There was brighter news from the outskirts of the capital, Kathmandu, however, where rescuers pulled a man from the wreckage of a building where he had been stuck for a staggering 80 hours.
Makeshift field hospital
Some 5,238 people were confirmed dead as of Wednesday evening as a result of the massive earthquake, with another 10,348 injured, Nepal’s National Emergency Coordination Center told CNN. Officials have warned the death toll is expected to rise.
Two neighboring countries, India and China, have reported totals of 72 and 25 deaths from the quake, respectively.
The frequent downpours in Nepal have made it harder for emergency workers to help the injured.
CNN’s Dr. Sanjay Gupta was at an army field hospital in Kathmandu when the heavens opened Tuesday.
“The rain has arrived and in many cases this is the worst-case scenario,” he said. “This is what they were hoping wouldn’t happen.”
Pieces of tape held patches in the ceiling as water threatened to bubble in; sheets of canvas served as walls.
Gupta said it was “kind of remarkable what they’ve been able to do” at the makeshift hospital. Over three days, the medical staff there had treated 617 patients and saved 586 of them.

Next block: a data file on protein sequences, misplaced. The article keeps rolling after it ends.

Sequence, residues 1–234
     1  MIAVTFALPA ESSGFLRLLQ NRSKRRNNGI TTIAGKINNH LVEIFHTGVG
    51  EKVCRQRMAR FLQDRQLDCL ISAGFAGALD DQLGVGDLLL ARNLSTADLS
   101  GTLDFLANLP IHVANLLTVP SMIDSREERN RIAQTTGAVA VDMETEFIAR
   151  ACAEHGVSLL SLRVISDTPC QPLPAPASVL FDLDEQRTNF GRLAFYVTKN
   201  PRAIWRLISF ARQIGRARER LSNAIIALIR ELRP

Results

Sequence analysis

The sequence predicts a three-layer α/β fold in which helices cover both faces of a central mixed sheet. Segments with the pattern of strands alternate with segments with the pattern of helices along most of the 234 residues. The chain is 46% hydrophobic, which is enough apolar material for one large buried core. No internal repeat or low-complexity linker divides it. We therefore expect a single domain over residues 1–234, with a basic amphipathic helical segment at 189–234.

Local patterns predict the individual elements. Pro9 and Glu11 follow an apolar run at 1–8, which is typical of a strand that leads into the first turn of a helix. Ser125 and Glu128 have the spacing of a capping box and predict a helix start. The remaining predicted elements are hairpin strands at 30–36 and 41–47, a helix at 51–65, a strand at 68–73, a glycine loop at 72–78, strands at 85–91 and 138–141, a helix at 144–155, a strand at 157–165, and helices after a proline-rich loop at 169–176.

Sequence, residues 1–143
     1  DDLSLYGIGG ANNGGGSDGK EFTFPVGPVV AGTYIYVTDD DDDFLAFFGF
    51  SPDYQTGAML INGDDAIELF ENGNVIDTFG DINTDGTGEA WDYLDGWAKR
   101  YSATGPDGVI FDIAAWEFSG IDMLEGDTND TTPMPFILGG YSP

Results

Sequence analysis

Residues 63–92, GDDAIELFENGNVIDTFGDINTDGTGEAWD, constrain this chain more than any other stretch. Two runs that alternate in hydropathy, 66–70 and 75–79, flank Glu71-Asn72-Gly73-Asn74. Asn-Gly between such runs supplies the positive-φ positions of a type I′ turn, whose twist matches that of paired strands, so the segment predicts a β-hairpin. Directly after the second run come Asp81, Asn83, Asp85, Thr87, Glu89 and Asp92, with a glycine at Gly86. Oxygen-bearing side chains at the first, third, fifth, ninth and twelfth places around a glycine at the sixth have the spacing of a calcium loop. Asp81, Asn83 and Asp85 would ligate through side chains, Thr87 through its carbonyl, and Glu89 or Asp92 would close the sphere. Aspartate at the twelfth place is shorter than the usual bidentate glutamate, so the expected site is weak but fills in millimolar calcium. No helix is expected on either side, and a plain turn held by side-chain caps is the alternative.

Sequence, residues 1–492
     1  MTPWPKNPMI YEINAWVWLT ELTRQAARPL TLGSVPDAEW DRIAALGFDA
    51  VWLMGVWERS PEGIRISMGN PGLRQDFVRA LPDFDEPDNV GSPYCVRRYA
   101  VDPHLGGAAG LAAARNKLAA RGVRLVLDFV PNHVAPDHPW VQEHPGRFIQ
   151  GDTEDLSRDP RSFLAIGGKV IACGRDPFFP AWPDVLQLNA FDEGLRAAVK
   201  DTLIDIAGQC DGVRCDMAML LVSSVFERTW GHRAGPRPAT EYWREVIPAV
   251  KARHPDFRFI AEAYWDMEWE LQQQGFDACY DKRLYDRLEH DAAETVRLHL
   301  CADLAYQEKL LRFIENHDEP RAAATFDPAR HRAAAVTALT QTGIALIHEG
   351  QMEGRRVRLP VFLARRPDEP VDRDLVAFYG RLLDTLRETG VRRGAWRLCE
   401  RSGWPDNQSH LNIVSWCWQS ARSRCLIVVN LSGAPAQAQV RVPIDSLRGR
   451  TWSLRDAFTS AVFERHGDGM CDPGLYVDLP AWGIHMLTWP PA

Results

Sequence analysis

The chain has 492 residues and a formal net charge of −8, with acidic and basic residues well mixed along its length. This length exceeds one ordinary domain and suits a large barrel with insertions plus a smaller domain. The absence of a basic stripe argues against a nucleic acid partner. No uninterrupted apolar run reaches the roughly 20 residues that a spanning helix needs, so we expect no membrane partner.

The rain has also increased the risk of landslides and mudslides across rugged terrain already destabilized by the earthquake’s tremors.
Two landslides were reported Tuesday afternoon in the Langtang region, a popular trekking area north of Kathmandu. As many as 200 people were feared to be missing in each of the landslides, officials said.
Foreigners are among the missing from one of them, said Gautam Rimal, a senior official in Rasuwa district. He said 210 people had been rescued from the area Wednesday by government helicopters.
Peter Bodde, U.S. ambassador to Nepal, said via Twitter on Wednesday that four U.S. citizens trapped in Langtang were among those rescued and that they were on their way to Kathmandu.
According to army officials, dozens of foreigners are among those saved from the Dhunche area, near Langtang, in the past three days. Other victims, including foreigners, still wait to be brought out.
And the bad weather isn’t expected to give traumatized Nepalis much of a break anytime soon.
“We are staring down the barrel of the approaching monsoon across the subcontinent, and here in Nepal that typically lasts from May through to September,” Darvas said. That can generally mean “heavy downpours every day — and extreme heat,” he added.
Villagers cut off from families
Many people are stuck at the main town in Gorkha, unable to reach their families in villages cut off by the earthquake.
They include Kumar Gurung, a 37-year-old man who has had no word from his wife and four children since the hours after the quake, according to Darvas.